THEIR children describe them as one of the most united couples they have ever met. Luddy and Myrtle Smith got married on June 23, 1962 — just a short while prior to Jamaica gaining Independence. Like this country, they share a long history which began at their birthplace in St Mary. Nine children later, they are still living in love.
Although both were from the same parish, the couple was not officially introduced to each other until 1954 when they relocated to Kingston to work. They were introduced by Myrtle's cousin who worked at the same block factory as Luddy in the Red Hills Road area. Their first interaction could hardly be considered as love at first sight though, according to Myrtle.
"I didn't think of anything with him, because I wasn't looking anybody. I came to town to work, so I didn't pay him any mind, but then he kept on shooting after me," she said.
Luddy eventually wore her down, and after about three months of pursuing her, got the satisfaction of making her his girlfriend. Within just a few months of dating, the couple was expecting their first child. The realisation was frightening for Myrtle, but she was somehow comforted by the fact that Luddy promised to be there for her and their baby.
"I had the baby and another baby after that, and more babies after that," recounted Myrtle, now 79.
It wasn't until after their fifth child that Luddy, 83, decided to make a formal lifelong commitment to her.
"When I find say I was going to have the sixth one, I said 'I am not going down to the hospital unless I become the Mrs'," Myrtle shared with a chuckle as her husband hugged her to his side on the verandah of their home in Waterford, St Catherine this past Emancipation Day.
Their wedding was very small, and paled in comparison to the mass celebrations which were to come in August when Jamaica gained Independence.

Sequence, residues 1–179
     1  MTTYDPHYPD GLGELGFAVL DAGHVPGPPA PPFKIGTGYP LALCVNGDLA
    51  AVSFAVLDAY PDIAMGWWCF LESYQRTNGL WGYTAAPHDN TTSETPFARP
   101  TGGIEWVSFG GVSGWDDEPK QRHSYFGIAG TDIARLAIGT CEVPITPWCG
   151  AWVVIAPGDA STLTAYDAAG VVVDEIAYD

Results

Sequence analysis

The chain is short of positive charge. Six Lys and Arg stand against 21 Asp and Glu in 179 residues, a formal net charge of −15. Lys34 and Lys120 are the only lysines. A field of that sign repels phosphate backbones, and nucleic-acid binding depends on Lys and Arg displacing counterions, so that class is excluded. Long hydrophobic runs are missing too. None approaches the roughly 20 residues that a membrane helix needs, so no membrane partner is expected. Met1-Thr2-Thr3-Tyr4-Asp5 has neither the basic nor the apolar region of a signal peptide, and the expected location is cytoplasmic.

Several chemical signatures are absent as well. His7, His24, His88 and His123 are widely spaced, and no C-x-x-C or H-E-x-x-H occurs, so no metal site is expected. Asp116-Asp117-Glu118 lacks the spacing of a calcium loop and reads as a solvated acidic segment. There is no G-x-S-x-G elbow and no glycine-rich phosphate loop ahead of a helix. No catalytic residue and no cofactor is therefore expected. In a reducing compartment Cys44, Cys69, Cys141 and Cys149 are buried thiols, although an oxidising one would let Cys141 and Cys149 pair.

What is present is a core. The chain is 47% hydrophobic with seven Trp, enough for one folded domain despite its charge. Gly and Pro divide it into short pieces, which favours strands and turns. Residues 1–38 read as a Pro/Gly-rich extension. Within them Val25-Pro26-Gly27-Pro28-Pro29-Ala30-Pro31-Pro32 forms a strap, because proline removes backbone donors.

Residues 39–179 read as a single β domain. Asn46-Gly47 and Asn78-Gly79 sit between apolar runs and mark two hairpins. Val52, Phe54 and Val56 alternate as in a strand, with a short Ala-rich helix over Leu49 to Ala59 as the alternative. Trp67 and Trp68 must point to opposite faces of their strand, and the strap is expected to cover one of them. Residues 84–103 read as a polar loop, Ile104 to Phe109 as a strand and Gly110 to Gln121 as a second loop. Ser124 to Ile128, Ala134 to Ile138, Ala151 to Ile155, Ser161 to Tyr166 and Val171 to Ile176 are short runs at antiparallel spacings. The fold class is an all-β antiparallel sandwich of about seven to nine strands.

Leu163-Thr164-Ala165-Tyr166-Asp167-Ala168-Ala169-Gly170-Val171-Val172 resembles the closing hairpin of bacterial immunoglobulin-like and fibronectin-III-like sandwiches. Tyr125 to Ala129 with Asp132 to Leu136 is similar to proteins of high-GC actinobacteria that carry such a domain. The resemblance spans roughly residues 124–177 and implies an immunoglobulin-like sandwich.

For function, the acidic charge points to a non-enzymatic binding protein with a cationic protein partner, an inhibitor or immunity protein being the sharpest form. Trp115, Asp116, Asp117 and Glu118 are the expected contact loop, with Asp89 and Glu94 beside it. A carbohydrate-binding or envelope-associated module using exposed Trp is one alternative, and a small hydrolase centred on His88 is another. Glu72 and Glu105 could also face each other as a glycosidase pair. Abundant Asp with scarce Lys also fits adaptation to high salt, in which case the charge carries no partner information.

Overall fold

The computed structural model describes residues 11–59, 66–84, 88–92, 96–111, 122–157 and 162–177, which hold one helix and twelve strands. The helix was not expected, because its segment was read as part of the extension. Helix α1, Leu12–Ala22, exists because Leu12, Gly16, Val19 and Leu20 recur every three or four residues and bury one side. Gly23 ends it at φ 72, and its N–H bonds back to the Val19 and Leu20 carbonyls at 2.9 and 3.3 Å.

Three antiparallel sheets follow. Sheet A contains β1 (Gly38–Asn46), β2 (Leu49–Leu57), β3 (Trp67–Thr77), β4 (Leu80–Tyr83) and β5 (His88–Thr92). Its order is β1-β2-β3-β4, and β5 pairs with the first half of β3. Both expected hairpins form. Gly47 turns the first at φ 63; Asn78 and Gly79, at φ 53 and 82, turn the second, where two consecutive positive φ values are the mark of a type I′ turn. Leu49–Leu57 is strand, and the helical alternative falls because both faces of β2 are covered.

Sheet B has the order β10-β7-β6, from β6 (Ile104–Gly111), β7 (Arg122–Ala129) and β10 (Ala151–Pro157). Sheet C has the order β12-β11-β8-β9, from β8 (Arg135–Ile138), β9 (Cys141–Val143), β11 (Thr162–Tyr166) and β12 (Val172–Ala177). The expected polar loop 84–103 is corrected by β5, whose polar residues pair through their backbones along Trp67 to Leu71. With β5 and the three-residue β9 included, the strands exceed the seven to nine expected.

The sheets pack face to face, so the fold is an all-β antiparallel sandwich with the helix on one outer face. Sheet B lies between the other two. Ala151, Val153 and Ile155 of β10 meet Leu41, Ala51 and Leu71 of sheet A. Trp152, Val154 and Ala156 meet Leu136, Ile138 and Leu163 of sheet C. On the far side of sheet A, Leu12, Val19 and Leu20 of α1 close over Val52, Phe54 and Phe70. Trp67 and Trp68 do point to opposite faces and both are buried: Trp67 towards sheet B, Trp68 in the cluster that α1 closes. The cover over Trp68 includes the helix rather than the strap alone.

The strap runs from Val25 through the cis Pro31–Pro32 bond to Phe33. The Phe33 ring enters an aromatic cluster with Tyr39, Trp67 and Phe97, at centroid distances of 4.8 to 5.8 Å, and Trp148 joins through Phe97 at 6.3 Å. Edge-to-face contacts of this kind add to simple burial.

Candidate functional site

"We didn't have anything to marry, no money, no nothing," said Myrtle who got married in a one-bedroom house with the minister and her brother and sister-in-law as their witnesses. Her father bought the wedding ring for her and her mother the cake.
Following their nuptials, having a safe pregnancy became the priority for both, so much so that they spent Independence Day at home with their five children instead of enjoying the mass celebrations that were taking place across the country in that year. They had their baby in November of that year and another three later to round out their family.
Even though they did not engage in the Independence Day celebrations, they both agree that it was the best thing for Jamaica.
"I hear people say we don't achieve nothing and I would not say that. I would say we achieved a lot. From where I am coming from, I have achieved a lot," said Myrtle.
The couple's daughter, Octavia 'Juliet' Waite, said they were never made to want for anything as children, because their parents made provisions for them, although the family is large.
"My parents were always there for their entire family," said Waite, who is a teacher. "You can rely on them to assist you whenever you need it."
Another thing she appreciated about her parents in particular and her family in general, is the fact that they celebrate every achievement whether big or small. So every birthday, academic success and anniversary is marked by a celebratory party. In fact, she and all her siblings organised one of the biggest events to date when they hosted a surprise 50th anniversary celebration for their parents in June of this year. The event took the format of a second wedding ceremony for their parents who were able to enjoy all the trappings of a modern day wedding, the type they missed out on 50 years ago.